Small Town Divorce: A Road Map through Devastation, Despair, and Drama by Denise Anderson can be purchased here.
A major thank you to the incredibly talented Denise Anderson for allowing me to accompany her on her book journey. Our time together was nothing short of magical. Can’t wait for book number two.
Included in this editing sample, you will find the following:
- A summary of a portion of the high-level edits that were completed before the line editing stage.
- An excerpt of the line edits I returned to the author.
- The final version of the excerpt.
1. Summary of the First Two Rounds of High-Level Edits
My overall goal with Denise Anderson’s manuscript was to preserve her voice at all costs. Laden with hyperbole, metaphor, wit, and grace, Denise’s voice is one of the most eccentric and unique voices I have ever had the honor of working with. It’s obvious that she writes with her ear, which is the mark of a talented writer.
Verbal communication and written communication are vastly different, thus when an author writes with his or her ear, sometimes the writing can feel more as a verbal conversation, rather than a written one, which can negatively interfere with how the reader experiences the author’s words. Thus, the bulk of my edits focused on shifting Denise’s words from a verbal style to a written style.
My secondary goal with Denise’s manuscript was to establish a strict structure. Because the manuscript is a how-to guide, it only made sense to follow a simple problem/solution style. Explain the problem the reader may encounter when going through her divorce, then tell the reader the solution and process created to overcome that problem. What this meant for Denise was that, as she edited, she needed to ask herself if the current manuscript fit that structure. If it did not, she would need to rearrange the text until it did. One of the tricks I offered to her was to add in more subtitles. Subtitles are an excellent tool to not only keep the reader’s mind on track, but also to keep the author’s mind on track by ensuring all thoughts and ideas are correctly grouped together.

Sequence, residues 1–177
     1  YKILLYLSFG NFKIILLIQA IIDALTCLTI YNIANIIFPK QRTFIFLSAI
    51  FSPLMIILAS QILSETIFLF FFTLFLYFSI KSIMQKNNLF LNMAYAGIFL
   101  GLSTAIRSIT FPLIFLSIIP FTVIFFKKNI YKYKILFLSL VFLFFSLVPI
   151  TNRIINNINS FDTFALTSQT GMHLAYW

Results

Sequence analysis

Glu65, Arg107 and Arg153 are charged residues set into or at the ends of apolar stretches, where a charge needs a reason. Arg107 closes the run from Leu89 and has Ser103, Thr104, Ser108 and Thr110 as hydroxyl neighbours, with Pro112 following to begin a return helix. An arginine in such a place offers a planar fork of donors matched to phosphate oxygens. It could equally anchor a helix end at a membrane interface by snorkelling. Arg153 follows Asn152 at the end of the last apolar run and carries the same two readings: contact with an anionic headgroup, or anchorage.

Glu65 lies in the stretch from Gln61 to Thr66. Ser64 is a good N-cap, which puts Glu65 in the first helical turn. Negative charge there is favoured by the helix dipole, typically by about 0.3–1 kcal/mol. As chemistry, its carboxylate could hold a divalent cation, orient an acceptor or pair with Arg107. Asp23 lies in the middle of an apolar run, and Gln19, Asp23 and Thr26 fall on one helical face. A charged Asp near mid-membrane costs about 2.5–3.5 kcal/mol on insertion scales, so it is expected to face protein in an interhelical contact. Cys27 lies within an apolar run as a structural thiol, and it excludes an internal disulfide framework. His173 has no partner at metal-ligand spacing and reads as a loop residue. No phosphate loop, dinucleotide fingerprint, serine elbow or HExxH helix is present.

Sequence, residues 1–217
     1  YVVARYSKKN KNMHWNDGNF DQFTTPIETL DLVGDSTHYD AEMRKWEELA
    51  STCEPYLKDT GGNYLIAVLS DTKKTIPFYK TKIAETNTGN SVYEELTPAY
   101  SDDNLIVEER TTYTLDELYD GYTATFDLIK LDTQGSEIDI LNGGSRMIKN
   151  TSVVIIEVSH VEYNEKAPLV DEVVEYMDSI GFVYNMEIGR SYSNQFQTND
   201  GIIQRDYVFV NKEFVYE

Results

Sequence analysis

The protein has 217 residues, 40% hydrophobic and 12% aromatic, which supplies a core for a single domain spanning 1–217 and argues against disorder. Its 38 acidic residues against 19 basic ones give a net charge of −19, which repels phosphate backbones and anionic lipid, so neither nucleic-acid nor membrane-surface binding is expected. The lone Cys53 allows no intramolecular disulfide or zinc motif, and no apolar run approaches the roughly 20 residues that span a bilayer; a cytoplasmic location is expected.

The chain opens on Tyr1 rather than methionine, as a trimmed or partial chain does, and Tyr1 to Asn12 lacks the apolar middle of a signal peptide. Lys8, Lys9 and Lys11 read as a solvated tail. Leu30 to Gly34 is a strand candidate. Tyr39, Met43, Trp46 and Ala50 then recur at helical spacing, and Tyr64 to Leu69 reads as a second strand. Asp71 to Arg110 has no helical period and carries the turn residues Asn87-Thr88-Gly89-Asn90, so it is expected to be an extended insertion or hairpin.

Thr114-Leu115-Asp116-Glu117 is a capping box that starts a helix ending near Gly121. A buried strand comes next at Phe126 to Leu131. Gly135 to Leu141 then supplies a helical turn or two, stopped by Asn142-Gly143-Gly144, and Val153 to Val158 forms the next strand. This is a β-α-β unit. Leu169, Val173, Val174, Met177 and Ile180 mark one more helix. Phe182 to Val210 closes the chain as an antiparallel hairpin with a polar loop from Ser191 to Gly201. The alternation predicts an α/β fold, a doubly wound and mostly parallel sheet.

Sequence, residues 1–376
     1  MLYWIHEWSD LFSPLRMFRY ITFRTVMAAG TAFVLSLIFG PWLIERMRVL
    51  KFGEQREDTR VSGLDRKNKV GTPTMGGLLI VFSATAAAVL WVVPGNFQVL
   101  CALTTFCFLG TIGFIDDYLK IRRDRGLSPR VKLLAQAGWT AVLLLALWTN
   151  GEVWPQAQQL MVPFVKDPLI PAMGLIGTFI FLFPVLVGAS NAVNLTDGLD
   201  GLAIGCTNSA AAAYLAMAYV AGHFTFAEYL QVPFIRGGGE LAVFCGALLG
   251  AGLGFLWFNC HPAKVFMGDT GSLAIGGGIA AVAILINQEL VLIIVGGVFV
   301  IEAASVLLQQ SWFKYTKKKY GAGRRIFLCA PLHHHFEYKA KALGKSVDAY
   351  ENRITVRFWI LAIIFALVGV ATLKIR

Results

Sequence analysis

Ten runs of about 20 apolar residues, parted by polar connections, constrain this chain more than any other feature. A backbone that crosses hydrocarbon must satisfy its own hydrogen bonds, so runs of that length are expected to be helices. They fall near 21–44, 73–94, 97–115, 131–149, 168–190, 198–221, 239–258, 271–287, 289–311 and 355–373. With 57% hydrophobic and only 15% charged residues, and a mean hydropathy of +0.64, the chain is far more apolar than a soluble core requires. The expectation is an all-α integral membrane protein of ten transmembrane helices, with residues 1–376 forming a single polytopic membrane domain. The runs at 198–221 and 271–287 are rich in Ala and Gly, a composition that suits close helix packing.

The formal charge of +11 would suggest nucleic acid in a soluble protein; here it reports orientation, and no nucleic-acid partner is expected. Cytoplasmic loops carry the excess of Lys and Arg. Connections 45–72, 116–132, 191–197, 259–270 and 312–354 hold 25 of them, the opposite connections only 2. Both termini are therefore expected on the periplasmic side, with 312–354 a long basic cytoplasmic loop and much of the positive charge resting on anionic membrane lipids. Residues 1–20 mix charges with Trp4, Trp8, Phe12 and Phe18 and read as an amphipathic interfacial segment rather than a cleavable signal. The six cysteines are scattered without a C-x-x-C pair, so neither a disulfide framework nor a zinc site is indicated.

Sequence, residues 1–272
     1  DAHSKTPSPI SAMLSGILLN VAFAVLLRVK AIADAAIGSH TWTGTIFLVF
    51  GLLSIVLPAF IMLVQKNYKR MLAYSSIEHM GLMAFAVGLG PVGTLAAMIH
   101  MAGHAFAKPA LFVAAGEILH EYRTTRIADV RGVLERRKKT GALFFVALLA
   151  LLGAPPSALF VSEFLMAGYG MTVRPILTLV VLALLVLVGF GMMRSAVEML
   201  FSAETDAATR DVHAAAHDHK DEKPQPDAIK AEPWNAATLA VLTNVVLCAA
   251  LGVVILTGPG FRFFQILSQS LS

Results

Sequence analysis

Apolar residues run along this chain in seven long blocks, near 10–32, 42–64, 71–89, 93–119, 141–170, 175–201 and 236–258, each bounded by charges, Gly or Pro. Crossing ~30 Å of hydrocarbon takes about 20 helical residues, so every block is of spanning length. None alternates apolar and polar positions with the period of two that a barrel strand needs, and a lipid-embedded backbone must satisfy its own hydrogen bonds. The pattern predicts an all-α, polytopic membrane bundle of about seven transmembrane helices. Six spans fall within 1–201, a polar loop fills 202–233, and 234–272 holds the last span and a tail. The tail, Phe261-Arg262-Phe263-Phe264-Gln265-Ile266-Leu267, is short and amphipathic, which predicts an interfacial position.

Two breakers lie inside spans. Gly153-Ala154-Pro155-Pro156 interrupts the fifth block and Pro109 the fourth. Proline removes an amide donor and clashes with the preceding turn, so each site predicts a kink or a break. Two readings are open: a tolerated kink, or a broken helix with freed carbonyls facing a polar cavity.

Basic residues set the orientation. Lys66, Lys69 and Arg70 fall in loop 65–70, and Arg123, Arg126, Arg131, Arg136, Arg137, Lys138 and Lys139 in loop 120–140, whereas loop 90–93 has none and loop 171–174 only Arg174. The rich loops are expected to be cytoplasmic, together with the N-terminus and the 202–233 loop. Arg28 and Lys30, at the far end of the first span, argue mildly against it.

Denise wrote Small Town Divorce as a how-to guide to help women who struggle after a publicized divorce. Not only did Denise experience her own publicized divorce, but she has coached other women through divorce, as well. The first draft manuscript was more advice than it was stories. In other words, it was more tell than it was show. In order to truly connect with her reader, I encouraged Denise to add in more stories to correlate with the corresponding advice. During our two rounds of high-level edits, Denise implemented a vast amount of stories, all told from the heart, yet through her ear.
These are just a few of the high-level edits I gave to Denise during the first two rounds of edits. Denise’s keen attention to detail and trust in me as her editor resulted in a draft manuscript that was more than ready for a line edit.
2. Excerpt from the Line Edits
3. Final Version of the Excerpt
Chapter 9: That Change Will Do You Good
“Nothing is so painful to the human mind as a quick and sudden change.”
— Mary W. Shelley
Divorce is certain to bring about an enormous amount of change in your life. Nothing will be the same. Your marital status has changed, obviously; you are no longer someone’s husband or wife. You don’t have the same friends, live in the same house, or see your children on a regular basis. You may encounter a different job or career, and your financial situation can become uncertain or unstable. Your in-laws may no longer be a part of your life – or certainly not like they used to be. Everything about your daily routine is different, new, and uncomfortable. Living with this change can be overwhelming, to say the least.
You desire to become more comfortable with the changes in your life and to feel more at ease as things continue to change around you. I will share stories that involve some changes that were brought about, and then other stories that speak about the changes in our lives that happen suddenly and unexpectedly. Your comfort will come from a perspective shift when you begin to shine a light on the parts of your life that light you up. I will explain that to you at the end of this chapter, so please stick with me, and let’s embrace these changes together.
I have witnessed the impact that such dramatic and quick changes can have both in the lives of my clients and in my own life. Divorce brings so many changes to your life and it can take time to adjust to your new way of living. Until I was able to accept the changes and stop going back to the way things used to be, I struggled and fought with finding a new way to do life. You, too, feel heartbroken for the way life used to be, and you miss some of the people who are no longer in your life. You feel scared about the uncertainty that lies ahead. You feel anxious and lost without the usual contact and routine that you were so accustomed to.